For my contribution to the Mathematickal Arts workshop, I wanted to explore weaving, specifically plain weave. This is the simplest form of weaving, but when combined with sequences of colour it can produce many different types of pattern.
Some of these patterns when combined with muted colours, have in the past been used as a type of camouflage – and are classified into District Checks for use in hunting in Lowland Scotland. This is, I guess, a kind of less prestigious form of Tartan.
I started off by trying to understand how the patterns emerge, beginning with the basic structure:
The threads running top to bottom are the warp, those running across are the weft. If we consider the top most thread as visible, we can figure out the colours of this small section of weave. A few lines of scheme calculate and print the colours of an arbitrarily sized weave, by using lists of warp and weft as input.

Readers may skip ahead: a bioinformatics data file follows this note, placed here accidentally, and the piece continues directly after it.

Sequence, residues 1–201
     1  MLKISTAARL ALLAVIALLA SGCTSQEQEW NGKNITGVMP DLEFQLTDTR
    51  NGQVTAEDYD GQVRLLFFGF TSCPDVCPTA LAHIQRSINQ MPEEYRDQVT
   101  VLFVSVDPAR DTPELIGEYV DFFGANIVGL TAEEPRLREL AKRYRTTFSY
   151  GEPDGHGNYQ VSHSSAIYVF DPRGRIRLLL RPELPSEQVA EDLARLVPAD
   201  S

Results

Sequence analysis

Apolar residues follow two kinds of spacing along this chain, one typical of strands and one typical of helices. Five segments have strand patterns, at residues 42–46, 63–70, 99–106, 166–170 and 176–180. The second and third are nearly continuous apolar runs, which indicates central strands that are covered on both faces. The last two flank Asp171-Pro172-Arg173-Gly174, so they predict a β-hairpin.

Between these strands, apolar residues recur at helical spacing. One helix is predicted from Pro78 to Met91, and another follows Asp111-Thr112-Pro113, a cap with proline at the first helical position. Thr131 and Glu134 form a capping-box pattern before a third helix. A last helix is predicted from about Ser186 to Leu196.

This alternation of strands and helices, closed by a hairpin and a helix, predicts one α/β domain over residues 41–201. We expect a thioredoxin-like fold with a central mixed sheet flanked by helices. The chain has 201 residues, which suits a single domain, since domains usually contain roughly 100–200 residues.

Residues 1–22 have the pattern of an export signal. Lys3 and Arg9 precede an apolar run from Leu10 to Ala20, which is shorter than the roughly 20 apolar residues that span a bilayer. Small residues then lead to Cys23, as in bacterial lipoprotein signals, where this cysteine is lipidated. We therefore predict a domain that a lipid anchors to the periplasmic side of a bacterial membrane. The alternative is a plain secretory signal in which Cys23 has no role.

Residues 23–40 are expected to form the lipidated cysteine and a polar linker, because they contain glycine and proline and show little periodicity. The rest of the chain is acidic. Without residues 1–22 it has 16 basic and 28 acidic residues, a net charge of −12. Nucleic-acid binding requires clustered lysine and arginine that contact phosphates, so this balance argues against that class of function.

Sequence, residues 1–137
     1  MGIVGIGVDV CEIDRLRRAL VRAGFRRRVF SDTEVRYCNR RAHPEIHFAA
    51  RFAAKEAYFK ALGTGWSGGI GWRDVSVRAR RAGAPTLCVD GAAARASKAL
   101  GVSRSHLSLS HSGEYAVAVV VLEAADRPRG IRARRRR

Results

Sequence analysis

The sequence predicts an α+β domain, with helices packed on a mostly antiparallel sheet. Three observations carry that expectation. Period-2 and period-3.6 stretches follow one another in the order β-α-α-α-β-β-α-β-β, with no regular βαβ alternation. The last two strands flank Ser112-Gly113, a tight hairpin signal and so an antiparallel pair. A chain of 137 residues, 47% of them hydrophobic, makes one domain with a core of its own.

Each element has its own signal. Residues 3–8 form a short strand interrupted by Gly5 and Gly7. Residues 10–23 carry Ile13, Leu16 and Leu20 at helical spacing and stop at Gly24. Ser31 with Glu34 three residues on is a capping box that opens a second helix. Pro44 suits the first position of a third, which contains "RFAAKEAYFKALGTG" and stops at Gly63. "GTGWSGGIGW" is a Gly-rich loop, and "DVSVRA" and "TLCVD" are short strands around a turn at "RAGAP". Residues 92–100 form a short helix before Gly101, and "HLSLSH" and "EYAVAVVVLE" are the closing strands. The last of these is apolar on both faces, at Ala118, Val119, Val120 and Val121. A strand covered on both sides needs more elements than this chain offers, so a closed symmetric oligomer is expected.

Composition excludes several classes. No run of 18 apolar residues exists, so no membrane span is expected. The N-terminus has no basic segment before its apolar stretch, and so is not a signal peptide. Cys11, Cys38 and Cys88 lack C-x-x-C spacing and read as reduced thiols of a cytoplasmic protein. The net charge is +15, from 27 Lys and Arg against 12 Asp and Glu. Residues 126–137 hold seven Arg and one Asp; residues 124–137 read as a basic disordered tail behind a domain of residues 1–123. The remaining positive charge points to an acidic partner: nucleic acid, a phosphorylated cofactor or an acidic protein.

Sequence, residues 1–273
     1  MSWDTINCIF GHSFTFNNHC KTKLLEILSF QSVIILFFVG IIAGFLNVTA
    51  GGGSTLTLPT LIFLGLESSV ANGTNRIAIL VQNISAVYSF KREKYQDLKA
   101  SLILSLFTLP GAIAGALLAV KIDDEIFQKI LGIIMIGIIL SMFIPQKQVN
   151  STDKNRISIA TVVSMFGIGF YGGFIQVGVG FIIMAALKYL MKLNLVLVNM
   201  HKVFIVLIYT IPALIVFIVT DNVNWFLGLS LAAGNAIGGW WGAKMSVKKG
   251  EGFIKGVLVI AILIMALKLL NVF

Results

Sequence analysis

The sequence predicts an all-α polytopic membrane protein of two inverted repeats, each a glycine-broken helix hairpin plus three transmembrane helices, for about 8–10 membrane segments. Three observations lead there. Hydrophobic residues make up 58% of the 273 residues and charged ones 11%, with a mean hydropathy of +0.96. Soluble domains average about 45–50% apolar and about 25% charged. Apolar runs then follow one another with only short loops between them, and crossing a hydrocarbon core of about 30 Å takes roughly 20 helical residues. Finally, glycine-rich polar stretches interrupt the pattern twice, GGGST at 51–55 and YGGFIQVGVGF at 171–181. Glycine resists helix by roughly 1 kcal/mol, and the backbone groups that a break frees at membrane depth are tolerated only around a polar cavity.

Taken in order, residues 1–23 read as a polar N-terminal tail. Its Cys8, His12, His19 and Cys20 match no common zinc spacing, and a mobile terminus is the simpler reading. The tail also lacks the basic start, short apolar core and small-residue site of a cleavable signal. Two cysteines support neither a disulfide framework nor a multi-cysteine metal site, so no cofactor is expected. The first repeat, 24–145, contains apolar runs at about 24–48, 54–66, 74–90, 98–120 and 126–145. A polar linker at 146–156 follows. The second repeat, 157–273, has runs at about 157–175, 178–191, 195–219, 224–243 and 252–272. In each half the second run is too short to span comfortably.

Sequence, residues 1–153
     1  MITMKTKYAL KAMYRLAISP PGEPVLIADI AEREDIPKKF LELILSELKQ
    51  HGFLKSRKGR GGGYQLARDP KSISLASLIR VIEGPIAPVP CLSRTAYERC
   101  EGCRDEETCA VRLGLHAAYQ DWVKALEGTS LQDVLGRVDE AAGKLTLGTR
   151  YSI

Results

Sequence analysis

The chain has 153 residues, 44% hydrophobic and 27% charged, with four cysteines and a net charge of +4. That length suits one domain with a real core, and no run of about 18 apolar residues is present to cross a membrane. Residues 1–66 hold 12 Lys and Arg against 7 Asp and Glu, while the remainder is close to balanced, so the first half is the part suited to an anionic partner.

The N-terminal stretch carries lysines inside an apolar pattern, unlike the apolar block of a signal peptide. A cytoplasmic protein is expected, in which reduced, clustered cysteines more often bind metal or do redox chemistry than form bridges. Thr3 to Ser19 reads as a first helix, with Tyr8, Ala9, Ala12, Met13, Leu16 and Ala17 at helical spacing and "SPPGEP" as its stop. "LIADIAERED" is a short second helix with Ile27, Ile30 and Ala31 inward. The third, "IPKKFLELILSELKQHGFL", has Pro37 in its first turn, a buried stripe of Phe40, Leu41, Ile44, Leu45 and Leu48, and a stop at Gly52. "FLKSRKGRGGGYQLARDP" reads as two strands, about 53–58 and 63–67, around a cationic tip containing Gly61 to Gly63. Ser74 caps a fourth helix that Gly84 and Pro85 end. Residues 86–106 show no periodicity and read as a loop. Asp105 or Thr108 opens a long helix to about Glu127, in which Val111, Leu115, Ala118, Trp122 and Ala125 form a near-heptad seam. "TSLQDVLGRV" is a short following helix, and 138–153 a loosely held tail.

; return warp or weft, dependant on the position (define (stitch x y warp weft) (if (eq? (modulo x 2) (modulo y 2)) warp weft)) ; prints out a weaving (define (weave warp weft) (for ((x (in-range 0 (length weft)))) (for ((y (in-range 0 (length warp)))) (display (stitch x y (list-ref warp y) (list-ref weft x)))) (newline)))
I’ve been visualising the weaves with single characters representing colours for ascii previewing, here are some examples:
(weave '(O O O O O O O) '(: : : : : : : : :)) => O : O : O : O : O : O : O : O : O : O : O : O : O : O : O : O : O : O : O : O : O : O : O : O : O : O : O : O : O : O : O : O (weave '(O O : : O O : : O O) '(O : : O O : : O O :)) => : O : : : O : : : O O : : : O : : : O : O O O : O O O : O O O O : O O O : O O O : O : : : O : : : O O : : : O : : : O : O O O : O O O : O O O O : O O O : O O O : O : : : O : : : O
This looked quite promising as ascii art, but I didn’t really know how it would translate into a textile. I also wanted to look into ways of generating new patterns algorithmically, using formal grammars – this was actually one of the simpler parts of the project. The idea is that you begin with an axiom, or starting state, and do a search replace on it repeatedly following one or more simple rules:
Axiom: O Rule: O -> :O:O Generation 1: O Generation 2: :O:O Generation 3: ::O:O::O:O Generation 4: :::O:O::O:O:::O:O::O:O
We can then generate quite complex patterns for the warp and the weft from very small instructions, next I’ll show what happens when some of these are translated into real woven fabric…